We have a "Do Not Abandon Your Pets" campaign, but cases of abandonment could not be charged. In Singapore, to share a fact, there has not been a single case of abandonment charged, we were told by an authority.

.........we know for any kind of work your heart calls you to, anything at all that involves people - there will always be comments. Good or bad. Comments on how you should have done this, why did you do that, when are you going to do this, how could you let that happen? Is this worth it? I don't know.


In fact, I sometimes don't even know if this blog is a good idea or not. Who are the people reading this and what are their true intentions with us and our work? But then I think again, what is there to hide? Even our mistakes I will be willing to share openly. We are no perfect beings but we always remind ourselves to walk with a sincere heart. We may not create miracles but the least we can offer is KINDNESS.

We may fail miserably with Project JK. The number of strays in the areas may boom beyond our control. Many more may be culled. We may not be able to save and rehome another litter of pups. The situation may well go back to square one when we are gone.

So what are we doing this for?

For 1 single dog called Ruby. And for yet another called Puppy Boy. And another one called Shadow. For Junior. For Ginne. For Lucas. For Doby. For Jean-Paul. For Maggie. For Eliza. For Bicycle. For Abbie. For Coca and Cola. For Grey. For Billy. For Ashley.

More recently, for Anne, Big Ben, Tiger, Jordan, Jonah, Jamie, Tommy, Star, Comet, Sarah PP...


There are many more Rubys out there whom we may fail to reach. But right now, I am happy we reached one.

She is who we are doing this for."

December 17, 2008

On behalf of someone who found

a Maltese on 14 Dec at Balestier.



"A male Maltese approached them when he was having training. Long nails & matted fur. Brought to shave down at groomer and also seen vet yesterday. Some yeast infection and redness on paws but not very bad. Now on medication. Very manja & active boy. Super friendly & good with dogs & kids. Estimated to be 5 to 7 yrs old by vet. He's not sterilised.

Rescuer cannot take care of the doggie as he needs to travel quite often and wife can't cope as they have 2 very young kids. We had checked with SPCA and AVA, no one reported lost of maltese. Please email
yee.alycia@gmail.com or vlan04@singnet.com.sg if u or anyone u know can help to foster or adopt him if owner not found. Thanks in advance!"

Interesting read shared by PP

http://www.dogbreedinfo.com/articles/savingbuddyspcadog.htm

On behalf of Rick Tan

who has lost his cat.

"A Ginger domestic short-hair cat, DoDo, microchip 985120005558500, missing since 1 Dec. She has a cute Garfield look. Last seen at Eng Kong Garden. Reward for anyone who returns her or can provide info that leads to finding her. Please call Rick at 90998511."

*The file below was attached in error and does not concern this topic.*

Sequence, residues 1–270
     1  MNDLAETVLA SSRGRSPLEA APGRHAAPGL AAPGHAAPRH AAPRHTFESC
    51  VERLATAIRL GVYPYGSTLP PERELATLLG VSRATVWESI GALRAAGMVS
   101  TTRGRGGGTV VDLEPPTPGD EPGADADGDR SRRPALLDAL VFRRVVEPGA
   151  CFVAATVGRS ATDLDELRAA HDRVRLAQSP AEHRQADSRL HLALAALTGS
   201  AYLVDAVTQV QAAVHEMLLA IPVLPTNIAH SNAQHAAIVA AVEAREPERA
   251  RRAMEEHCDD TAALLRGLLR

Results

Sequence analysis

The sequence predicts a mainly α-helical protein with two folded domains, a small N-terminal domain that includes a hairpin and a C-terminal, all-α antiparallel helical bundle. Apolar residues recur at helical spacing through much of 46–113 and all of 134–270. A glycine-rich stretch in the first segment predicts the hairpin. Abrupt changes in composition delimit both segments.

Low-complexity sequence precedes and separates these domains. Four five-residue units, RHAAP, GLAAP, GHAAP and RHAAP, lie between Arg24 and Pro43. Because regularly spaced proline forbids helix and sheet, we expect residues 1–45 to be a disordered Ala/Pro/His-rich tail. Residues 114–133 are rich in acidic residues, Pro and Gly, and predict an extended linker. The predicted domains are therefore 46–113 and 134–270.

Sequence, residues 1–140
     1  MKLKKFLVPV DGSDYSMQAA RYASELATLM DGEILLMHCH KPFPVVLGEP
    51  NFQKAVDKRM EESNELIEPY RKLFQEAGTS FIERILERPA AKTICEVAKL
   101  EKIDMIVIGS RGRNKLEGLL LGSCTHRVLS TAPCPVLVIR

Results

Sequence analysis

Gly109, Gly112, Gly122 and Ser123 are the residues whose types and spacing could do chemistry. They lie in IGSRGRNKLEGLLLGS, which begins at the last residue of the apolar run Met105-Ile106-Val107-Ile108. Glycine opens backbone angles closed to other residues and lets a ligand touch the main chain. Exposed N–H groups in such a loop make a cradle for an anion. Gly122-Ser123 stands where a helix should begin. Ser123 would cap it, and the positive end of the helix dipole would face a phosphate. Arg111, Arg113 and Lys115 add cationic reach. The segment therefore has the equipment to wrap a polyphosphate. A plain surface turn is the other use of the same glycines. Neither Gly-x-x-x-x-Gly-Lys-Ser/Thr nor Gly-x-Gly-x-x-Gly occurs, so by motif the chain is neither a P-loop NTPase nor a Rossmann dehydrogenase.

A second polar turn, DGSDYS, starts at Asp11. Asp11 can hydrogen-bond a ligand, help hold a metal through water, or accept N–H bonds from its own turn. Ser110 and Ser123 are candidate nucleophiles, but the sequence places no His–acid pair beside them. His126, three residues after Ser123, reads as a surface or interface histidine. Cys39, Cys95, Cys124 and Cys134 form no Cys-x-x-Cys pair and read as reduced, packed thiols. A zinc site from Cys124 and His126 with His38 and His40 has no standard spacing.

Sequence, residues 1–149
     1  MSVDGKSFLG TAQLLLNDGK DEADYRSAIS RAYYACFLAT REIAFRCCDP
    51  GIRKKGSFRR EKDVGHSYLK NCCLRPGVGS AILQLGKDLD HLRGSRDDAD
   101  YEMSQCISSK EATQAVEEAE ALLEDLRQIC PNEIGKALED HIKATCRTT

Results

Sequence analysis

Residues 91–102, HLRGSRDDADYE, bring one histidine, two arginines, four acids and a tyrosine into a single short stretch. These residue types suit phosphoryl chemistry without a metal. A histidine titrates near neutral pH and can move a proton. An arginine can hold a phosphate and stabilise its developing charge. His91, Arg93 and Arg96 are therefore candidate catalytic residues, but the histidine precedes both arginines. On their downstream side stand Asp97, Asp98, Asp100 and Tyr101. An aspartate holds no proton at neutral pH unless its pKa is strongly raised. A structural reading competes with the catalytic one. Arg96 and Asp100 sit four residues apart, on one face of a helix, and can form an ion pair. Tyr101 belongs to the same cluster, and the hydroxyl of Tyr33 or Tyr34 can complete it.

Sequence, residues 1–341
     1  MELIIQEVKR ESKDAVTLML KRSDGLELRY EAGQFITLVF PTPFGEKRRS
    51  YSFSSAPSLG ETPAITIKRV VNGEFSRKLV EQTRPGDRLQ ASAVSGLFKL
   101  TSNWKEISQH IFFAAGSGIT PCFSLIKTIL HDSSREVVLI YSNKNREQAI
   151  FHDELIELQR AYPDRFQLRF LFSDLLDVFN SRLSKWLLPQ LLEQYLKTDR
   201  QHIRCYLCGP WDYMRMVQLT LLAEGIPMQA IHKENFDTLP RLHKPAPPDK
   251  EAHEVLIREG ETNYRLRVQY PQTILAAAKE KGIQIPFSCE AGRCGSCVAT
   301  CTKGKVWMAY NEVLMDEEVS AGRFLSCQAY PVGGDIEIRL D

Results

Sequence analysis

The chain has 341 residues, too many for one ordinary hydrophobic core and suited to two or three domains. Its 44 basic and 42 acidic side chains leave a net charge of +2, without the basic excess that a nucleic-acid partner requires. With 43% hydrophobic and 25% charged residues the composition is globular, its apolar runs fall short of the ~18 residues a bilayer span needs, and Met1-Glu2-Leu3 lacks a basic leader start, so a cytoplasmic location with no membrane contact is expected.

December 16, 2008

What do you do

when you discover an animal in a less than desirable situation?

Do you immediately report the owner to the authorities to have him/her charged with animal neglect? What about ignorance? Do you choose to remove the animal at once and failing an immediate place for it, would you surrender it to the SPCA, to possible euthanasia? Death when there may be a possible new lease of life? Do you stay to educate the owner on proper animal care and assist promptly to improve the living conditions of that animal? To come to a longer term outcome of learnt responsible animal care? While monitoring the situation and waiting for the right new home to come along? Do share with us your views.

Today, we spent about an hour to thoroughly change the old living conditions of the Chinchilla we discovered in less than desirable conditions.

The old cage was a self-made wire mesh square, littered with old food and a toilet tray long needed of a change. For lack of a clean area, the Chin has taken to sleeping in her dust bath.




We changed it for now to a larger bunny cage. Clean and with more space for her to run about.



Timothy hay which she has not had for a long time now.



We're still learning about Chinchillas and there are areas we can improve on for her present cage. Like she would enjoy a wooden box hideaway to sleep in. Wood-based litter/shavings to cover the cage floor. A small metal tray where she'll learn to pee/poo in to make cage-cleaning easier. A hay stand to hold the hay in. More toys to cheer up her time while she's most awake at night.

She's about 3 to 4 years old. Still a good long life ahead as Chins can live up to 15 to 20 years in captivity. Her fur is clumped up at certain parts due to lack of grooming/brushing. Not sure if her mottled ears are natural, guess it could be.

She was actively checking out her new home, sniffing each corner and enjoying her vitamin gnaw block and hay. Friendly gal, will come to you for pats and scratches before hopping off to prance around again. We've some potential adopters for her. Will arrange to have her sterilised before adoption.

All the best to this Chin - do send in a name for her!

December 15, 2008

If anyone of you are familiar

with Chinchillas, and would consider adopting one, please email us at projectjkteam@yahoo.com.sg

Meanwhile, if you have a suitable Chinchilla cage, Chinchilla food, toys and accessories which you do not need, please contact us too. Thank you.

We have an adorable



young female pup whom we will try to rehome.
A sincere commitment of the next 15 years to this sweet bundle of fur now who will bring with her all the joys of puppyhood, bearing in mind it comes with lots of dedicated care and efforts in training and discipline into the teethy teenage years before she grows up into a stable, confident medium-size adult.

Email us at projectjkteam@yahoo.com.sg for further discussion.

No more Porky



Sarah Pei Pei she shall now be. :)


Getting close


Car ride to vet


Awaiting check-up. Sniff-sniffs.


Rusty choke chain, now removed.

Sarah Pei Pei now awaits her hope of a new family. Someone who preferably knows the temperament of Shar Peis and is confident, patient and understanding of the non-life Sarah Pei Pei has been through for the past few years.